Veggie Cottage is a cutesy place that bears an uncanny resemblance to an Ikea showroom. From the name to the all-white walls and furniture, from the gurgle of water to the small plants in teapots on each table; as I crossed the threshold, the anaemic niceness of everything gave the distinct impression that this place may lack oomph. It all seemed a little too… Feminine.
And now, with the benefit of post-prandial hindsight, I think my judgement is fair. Veggie Cottage is certainly homely, but it’s imitation homely. It evokes an idea of provincial Europe that is as quaint as it is trite. Inside it feels like a cross between a library and a yoga studio – a space that encourages you to retreat rather than engage, to be stifled rather than stimulated. Oooh… Con-tra-ver-shul.
On the plus side, the menu is wide-ranging, wholly vegan, and predominantly Western (although a small selection of local dishes is also available). You can opt to have your food avec or sans onion. What I liked most about VC was the polite insistence that everybody clears away their own plates; a small act of humility that struggles to gain traction in Singapore.
Whilst the tortilla chips looked and tasted good, the portion was very small. The avocado dip failed to make much of an impression. Too much mayonnaise and too little avocado made it look and taste bland and creamy. The addition of chopped onion helped to bolster the taste and texture, but the overall impact was marginal. Some citrusy notes (or even just coriander) would have helped.
The burger comprised a bun, patty, lettuce and mayonnaise intermixed with some sort of chopped radish. The patty was succulent and juicy, and reminded me of those used by VeganBurg. Overall, however, the burger was (again) bland and creamy, and would have benefitted immensely from having a signature flavour. As VeganBurg has recognised, vegan patties are largely tasteless, so they dress them up with interesting flavour combinations: cracked pepper; teriyaki, barbecue and satay sauces; pineapple rings; mushrooms. If VC followed suit, this burger could be a winner. The chips (fries, whatever) were excessively oily but well-salted. Flavour, yes!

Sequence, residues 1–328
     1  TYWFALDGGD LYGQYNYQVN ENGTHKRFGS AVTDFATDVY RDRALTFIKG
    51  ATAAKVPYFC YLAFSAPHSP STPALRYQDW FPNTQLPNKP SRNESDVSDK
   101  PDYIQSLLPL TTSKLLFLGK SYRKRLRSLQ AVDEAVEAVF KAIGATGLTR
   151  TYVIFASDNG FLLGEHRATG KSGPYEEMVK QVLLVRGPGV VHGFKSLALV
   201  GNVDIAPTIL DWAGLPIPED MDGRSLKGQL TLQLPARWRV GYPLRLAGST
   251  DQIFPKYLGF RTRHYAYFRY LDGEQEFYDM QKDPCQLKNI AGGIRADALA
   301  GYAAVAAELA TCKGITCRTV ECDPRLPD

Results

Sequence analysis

A signature dish, and for good reason. The mock fish patties were very good – the infusion of seaweed evoked the flavour of the ocean in a natural (not artificial) way, whilst the judicious use of oil replicated the fattiness of fish well. The batter was crunchy and satisfying. The accompanying salad (lettuce and red cabbage) was beautifully fresh and colourful, but could have done with some vinaigrette or other dressing. The tartar sauce was a disappointment – it lacked any sort of tartness, and tasted borderline sweet. Gherkins, capers, lemon juice, parsley, anything would have helped inject some much-needed zing into it.
A well-baked muffin with a nice and light consistency and a moist (almost lava-like) inside. MiKa found the taste a little flat, and thought that the cocoa had been substituted with carob. After the creamy blandness that had preceded it, I was just happy to taste some flavour. Any flavour!
A rather muted experience all-round. The flavours were heavy and limited, and I left feeling slightly dissatisfied. Everything about Veggie Cottage is nice, but it’s a little too nice for my liking. It lacks an edge, a hook, a really good reason to return.